Module Information

Module Identifier
Module Title
Academic Year
Semester 2
Other Staff

Course Delivery



Assessment Type Assessment length / details Proportion
Semester Assessment 1 x seminar participation  10%
Semester Assessment 1 x seminar presentation  15%
Semester Assessment 1x 1,500 essay  25%
Semester Assessment 1 x 3,000 essay  50%

Learning Outcomes

On completion of this module, students should be able to.
1. Critically engage with contemporary debates about food aid and foreign policy.
2. Evaluate key concepts and discourses about famine, NGOs and the media in disaster relief.
3. Critical engage with and identify, analyse and evaluate the assumptions, theories that underpin conceptualizations of famine and wider questions about humanitarianism.
4. Demonstrate a Master's level awareness of the key literatures on famine and food aid in international relations.


Students will develop the ability to analyse, evaluate and discuss:
- the debates about food aid and foreign policy.
- the discourses of famine and an exploration of the role of NGOs and the media in disaster relief.
- the growth of international humanitarian aid agencies.
- the impact of media images of victims, the evolution of aid with strings, and international accountability.
- the module looks at how famine links with the wider questions of humanitarianism and military or non-military intervention.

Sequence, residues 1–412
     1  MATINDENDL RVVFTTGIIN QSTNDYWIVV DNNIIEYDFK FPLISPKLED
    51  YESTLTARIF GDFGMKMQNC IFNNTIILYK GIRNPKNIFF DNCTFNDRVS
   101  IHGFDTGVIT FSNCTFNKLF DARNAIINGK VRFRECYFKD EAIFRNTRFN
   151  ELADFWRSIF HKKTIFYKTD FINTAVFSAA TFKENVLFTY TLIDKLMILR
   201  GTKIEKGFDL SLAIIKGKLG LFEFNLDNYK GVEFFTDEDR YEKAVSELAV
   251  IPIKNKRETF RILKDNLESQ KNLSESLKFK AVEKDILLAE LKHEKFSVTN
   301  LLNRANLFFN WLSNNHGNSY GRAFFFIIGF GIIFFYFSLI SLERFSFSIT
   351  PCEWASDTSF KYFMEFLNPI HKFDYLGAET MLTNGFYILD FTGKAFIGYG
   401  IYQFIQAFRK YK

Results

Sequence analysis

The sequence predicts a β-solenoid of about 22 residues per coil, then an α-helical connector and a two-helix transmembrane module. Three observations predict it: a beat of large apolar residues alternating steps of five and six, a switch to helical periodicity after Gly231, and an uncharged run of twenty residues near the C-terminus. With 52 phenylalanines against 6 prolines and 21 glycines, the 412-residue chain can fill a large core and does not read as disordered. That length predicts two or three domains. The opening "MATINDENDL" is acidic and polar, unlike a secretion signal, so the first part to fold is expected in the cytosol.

Brief description

The module explores the question of famine very broadly, as the key to a number of more general issues in international politics and contributes to the Department's provision of optional modules in the area of the Third World and Postcolonial Politics.


1. Introduction: What is famine? Definitions, theories and firsthand accounts. Case study: Ireland 1845/51.
2. Nature's revenge Food availability decline: Malthus and critiques. Population and famines.
3. A problem of 'entitlements'? Contending theories. Sen's entitlement theory. Critiques.
4. A global problem? Trade, agribusiness and development. Global food regimes. Structuralist critiques. Hunger, starvation and poverty.
5. Conflict famines as 'complex political emergencies'. Beneficiaries, local and global. Conflict famines and complex emergencies.
6. Relations of hunger: gender, race and ethics Science, gender and hunger Race and hunger. Ethical questions.
7. Food aid and development, Food aid debates, Regime studies of food aid, Aid institutions and power.
8. Famine, food security and development. Vulnerability and coping. Relief-development debates. Development and conflict.
9. The media and famine as a humanitarian issue Images of disaster. Case study: Ethiopia and Eritrea, 1984/85.
10. Security, intervention and development. Relief in 'complex emergencies': intervention or disengagement? Humanitarian intervention. Merging agendas.


This module is at CQFW Level 7